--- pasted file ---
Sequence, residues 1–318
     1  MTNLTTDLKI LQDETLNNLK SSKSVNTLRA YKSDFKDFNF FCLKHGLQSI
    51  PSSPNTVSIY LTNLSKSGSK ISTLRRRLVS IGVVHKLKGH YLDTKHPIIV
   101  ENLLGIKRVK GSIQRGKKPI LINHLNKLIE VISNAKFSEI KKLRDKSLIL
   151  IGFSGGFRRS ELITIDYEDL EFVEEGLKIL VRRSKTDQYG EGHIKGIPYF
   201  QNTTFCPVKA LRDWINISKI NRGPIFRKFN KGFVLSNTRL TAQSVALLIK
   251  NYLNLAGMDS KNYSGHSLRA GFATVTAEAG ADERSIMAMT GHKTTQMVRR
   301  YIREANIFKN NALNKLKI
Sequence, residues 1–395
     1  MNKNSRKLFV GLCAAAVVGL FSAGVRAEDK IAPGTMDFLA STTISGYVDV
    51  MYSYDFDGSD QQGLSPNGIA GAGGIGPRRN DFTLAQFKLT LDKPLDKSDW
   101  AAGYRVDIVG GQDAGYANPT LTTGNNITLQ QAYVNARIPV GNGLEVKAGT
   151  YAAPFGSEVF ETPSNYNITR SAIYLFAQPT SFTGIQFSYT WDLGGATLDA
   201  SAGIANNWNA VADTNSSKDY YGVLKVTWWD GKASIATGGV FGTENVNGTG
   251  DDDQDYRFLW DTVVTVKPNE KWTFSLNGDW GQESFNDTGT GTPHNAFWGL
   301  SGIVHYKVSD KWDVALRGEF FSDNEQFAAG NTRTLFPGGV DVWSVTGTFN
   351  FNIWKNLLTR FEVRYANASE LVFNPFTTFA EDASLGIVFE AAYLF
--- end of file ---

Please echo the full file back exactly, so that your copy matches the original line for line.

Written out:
Sequence, residues 1–318
     1  MTNLTTDLKI LQDETLNNLK SSKSVNTLRA YKSDFKDFNF FCLKHGLQSI
    51  PSSPNTVSIY LTNLSKSGSK ISTLRRRLVS IGVVHKLKGH YLDTKHPIIV
   101  ENLLGIKRVK GSIQRGKKPI LINHLNKLIE VISNAKFSEI KKLRDKSLIL
   151  IGFSGGFRRS ELITIDYEDL EFVEEGLKIL VRRSKTDQYG EGHIKGIPYF
   201  QNTTFCPVKA LRDWINISKI NRGPIFRKFN KGFVLSNTRL TAQSVALLIK
   251  NYLNLAGMDS KNYSGHSLRA GFATVTAEAG ADERSIMAMT GHKTTQMVRR
   301  YIREANIFKN NALNKLKI
Sequence, residues 1–395
     1  MNKNSRKLFV GLCAAAVVGL FSAGVRAEDK IAPGTMDFLA STTISGYVDV
    51  MYSYDFDGSD QQGLSPNGIA GAGGIGPRRN DFTLAQFKLT LDKPLDKSDW
   101  AAGYRVDIVG GQDAGYANPT LTTGNNITLQ QAYVNARIPV GNGLEVKAGT
   151  YAAPFGSEVF ETPSNYNITR SAIYLFAQPT SFTGIQFSYT WDLGGATLDA
   201  SAGIANNWNA VADTNSSKDY YGVLKVTWWD GKASIATGGV FGTENVNGTG
   251  DDDQDYRFLW DTVVTVKPNE KWTFSLNGDW GQESFNDTGT GTPHNAFWGL
   301  SGIVHYKVSD KWDVALRGEF FSDNEQFAAG NTRTLFPGGV DVWSVTGTFN
   351  FNIWKNLLTR FEVRYANASE LVFNPFTTFA EDASLGIVFE AAYLF